Book Reviews -- Silent Sons by Robert J. Ackerman

Article excerpt

ROBERT J. ACKERMAN: Silent Sons. Simon and Schuster, New York, 1993, 235 pp., $21.00.

As the men's movement passed me by, and my copy of Robert Bly's Iron John has not yet been cracked, I am either the least or most qualified to review Dr. Ackerman's Silent Sons. His "silent sons" are men who grew up in dysfunctional families yet deny the impact of this experience on their current behavior regardless of the problems it causes those around them. He acknowledges that the fact that he, himself, is a silent son, prompted his conducting a study of these men. Ackerman describes the silent son as, in a nutshell, withdrawn, angry, and vulnerable. He suggests that while they do indeed present as inaccessible and unrelatable, they in fact carry positive characteristics that may be tapped in their interaction with others.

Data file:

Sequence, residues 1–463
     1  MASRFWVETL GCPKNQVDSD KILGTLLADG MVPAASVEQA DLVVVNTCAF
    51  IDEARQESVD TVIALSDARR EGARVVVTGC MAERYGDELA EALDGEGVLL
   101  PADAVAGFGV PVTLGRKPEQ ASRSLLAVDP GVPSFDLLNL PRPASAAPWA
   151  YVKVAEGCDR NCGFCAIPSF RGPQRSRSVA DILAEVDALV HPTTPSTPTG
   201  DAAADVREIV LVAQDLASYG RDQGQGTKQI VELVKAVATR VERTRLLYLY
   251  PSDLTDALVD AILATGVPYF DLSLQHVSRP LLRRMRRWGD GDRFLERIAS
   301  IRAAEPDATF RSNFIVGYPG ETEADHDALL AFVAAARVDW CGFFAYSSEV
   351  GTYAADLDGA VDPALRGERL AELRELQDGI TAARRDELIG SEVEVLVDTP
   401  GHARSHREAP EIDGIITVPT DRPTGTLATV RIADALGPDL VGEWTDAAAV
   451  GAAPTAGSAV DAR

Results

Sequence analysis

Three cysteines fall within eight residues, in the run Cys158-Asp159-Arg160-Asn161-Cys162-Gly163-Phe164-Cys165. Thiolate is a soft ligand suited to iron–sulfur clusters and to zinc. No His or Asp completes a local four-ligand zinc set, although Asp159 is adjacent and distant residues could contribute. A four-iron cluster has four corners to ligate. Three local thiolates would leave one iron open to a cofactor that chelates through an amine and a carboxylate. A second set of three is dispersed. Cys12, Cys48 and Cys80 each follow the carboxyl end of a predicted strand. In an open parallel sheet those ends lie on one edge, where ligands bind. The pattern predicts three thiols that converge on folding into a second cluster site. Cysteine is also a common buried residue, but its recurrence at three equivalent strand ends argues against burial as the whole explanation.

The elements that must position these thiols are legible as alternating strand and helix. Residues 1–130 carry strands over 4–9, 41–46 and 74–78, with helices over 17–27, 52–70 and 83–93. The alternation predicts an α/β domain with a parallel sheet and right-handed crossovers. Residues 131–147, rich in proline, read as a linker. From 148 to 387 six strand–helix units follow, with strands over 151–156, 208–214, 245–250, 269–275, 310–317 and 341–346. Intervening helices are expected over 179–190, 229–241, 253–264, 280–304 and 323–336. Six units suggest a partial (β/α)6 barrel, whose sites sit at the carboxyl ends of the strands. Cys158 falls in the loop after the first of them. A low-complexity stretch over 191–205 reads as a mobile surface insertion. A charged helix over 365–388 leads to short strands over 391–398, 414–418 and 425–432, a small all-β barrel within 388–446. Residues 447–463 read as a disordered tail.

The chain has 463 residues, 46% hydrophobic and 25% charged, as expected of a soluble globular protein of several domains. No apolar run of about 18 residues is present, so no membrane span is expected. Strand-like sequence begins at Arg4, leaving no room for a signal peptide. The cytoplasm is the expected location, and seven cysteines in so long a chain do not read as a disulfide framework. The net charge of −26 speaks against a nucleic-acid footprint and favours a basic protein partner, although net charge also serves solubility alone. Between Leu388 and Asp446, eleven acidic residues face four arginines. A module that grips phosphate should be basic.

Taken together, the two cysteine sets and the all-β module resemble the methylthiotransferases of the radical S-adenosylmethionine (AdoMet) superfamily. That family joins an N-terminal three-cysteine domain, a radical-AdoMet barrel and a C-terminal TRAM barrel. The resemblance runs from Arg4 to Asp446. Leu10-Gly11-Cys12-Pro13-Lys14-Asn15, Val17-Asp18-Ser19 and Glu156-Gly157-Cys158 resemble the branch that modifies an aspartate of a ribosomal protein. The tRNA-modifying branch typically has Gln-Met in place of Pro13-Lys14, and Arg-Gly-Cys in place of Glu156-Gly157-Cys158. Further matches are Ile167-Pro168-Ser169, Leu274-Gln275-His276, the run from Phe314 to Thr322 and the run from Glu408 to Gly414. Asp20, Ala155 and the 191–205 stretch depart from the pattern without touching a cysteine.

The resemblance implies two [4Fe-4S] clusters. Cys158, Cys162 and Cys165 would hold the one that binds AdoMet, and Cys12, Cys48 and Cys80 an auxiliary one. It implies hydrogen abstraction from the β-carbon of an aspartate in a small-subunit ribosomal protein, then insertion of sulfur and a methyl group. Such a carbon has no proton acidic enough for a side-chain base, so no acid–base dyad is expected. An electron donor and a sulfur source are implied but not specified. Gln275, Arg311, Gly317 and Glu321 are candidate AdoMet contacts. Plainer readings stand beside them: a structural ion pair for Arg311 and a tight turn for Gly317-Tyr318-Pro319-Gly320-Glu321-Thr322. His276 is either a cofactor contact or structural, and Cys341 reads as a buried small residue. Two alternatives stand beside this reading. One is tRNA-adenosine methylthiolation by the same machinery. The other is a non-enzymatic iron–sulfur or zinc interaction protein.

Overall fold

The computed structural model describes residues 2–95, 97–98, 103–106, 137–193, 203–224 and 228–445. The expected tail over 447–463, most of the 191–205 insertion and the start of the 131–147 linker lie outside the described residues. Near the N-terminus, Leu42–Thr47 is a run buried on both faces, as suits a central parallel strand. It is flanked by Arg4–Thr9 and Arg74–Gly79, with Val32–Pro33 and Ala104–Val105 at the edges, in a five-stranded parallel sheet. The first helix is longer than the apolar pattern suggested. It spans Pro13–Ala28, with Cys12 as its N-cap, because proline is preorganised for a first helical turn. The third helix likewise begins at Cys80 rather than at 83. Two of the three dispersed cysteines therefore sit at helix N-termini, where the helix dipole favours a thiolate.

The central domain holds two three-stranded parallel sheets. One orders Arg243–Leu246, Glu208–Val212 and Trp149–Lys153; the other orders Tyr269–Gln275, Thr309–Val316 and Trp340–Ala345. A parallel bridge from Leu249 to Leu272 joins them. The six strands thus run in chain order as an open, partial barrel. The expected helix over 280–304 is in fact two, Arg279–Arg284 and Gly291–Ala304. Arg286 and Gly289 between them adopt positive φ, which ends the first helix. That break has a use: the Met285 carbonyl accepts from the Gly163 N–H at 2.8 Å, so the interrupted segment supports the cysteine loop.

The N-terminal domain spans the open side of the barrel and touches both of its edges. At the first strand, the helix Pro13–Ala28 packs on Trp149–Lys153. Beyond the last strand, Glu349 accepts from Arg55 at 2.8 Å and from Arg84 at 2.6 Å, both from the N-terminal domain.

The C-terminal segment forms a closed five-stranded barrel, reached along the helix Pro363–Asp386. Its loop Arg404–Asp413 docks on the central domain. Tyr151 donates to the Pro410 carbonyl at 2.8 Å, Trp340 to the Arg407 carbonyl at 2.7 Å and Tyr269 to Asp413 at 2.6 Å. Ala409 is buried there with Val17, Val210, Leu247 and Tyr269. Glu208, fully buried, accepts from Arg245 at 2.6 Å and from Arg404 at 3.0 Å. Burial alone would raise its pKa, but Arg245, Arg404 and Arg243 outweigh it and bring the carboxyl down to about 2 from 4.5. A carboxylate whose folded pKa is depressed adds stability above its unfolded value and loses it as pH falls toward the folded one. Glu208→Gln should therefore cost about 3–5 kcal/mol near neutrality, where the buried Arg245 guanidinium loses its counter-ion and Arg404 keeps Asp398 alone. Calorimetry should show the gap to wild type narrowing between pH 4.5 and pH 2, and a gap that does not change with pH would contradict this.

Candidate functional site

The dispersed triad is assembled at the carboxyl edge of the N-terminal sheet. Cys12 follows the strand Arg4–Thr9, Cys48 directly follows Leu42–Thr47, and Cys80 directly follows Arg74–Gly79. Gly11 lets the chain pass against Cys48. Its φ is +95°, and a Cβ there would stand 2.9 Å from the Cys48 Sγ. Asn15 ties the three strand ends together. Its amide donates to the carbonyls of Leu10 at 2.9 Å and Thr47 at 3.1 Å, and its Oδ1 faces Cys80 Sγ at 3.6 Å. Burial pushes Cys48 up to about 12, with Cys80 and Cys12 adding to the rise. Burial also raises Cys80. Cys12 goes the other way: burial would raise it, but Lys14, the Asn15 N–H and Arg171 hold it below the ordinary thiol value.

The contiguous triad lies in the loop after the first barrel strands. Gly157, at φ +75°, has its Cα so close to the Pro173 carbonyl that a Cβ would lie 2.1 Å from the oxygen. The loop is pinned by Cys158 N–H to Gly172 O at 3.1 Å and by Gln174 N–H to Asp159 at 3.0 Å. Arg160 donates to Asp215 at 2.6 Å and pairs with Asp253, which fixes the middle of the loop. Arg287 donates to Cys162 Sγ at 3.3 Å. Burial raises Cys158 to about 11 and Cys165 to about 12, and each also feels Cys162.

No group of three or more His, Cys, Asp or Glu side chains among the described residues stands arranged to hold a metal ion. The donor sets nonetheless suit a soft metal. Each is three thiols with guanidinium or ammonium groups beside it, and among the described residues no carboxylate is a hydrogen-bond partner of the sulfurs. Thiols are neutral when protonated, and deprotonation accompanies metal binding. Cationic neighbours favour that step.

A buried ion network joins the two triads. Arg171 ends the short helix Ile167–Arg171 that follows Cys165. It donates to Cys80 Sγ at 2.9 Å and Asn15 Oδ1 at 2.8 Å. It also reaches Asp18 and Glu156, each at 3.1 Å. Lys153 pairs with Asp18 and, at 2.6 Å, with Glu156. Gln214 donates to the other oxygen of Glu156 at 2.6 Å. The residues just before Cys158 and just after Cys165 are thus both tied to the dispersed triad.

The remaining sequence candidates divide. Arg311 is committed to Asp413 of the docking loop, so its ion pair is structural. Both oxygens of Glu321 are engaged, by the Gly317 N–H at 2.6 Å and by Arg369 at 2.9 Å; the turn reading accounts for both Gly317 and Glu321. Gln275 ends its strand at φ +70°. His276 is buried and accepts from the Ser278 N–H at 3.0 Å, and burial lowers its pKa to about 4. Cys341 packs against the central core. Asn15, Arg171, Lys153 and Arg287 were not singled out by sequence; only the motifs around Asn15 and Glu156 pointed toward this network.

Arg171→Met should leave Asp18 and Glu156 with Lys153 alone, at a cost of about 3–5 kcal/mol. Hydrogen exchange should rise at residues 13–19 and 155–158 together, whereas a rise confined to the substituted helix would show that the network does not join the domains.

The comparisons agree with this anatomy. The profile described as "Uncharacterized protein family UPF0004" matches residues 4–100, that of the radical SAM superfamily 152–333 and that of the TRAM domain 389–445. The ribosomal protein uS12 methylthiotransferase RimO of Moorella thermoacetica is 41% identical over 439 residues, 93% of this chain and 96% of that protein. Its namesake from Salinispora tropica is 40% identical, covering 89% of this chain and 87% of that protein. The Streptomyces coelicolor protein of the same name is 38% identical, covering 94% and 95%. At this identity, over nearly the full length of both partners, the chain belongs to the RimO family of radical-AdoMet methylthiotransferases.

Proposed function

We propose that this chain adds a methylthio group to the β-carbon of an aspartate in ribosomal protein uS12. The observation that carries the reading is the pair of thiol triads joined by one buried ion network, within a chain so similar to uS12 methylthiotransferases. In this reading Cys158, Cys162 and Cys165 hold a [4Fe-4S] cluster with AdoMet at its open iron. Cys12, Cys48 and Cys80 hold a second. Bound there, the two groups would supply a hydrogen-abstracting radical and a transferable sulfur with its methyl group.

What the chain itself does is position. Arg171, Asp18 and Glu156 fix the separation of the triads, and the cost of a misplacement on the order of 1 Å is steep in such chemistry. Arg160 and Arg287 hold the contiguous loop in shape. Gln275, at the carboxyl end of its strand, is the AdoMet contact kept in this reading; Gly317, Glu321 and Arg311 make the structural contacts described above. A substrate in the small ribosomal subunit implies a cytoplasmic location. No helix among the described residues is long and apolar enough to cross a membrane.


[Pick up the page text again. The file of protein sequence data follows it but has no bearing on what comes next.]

As a male reader proceeds through this popularly paced book, he may see himself as sharing the characteristics Ackerman ascribes to the emotionally inaccessible man of today. In his first chapter, Ackerman asks, "Are you a silent son?" The answer might be: " me a man who isn't," or who does not embrace the characteristics described by the author.

This book is briskly written and moves the reader along a path of self-identification of the silent-son syndrome. Ackerman takes care not to indict newly sprung silent sons by noting heir assets or at least, reframing their less functional behaviors. …


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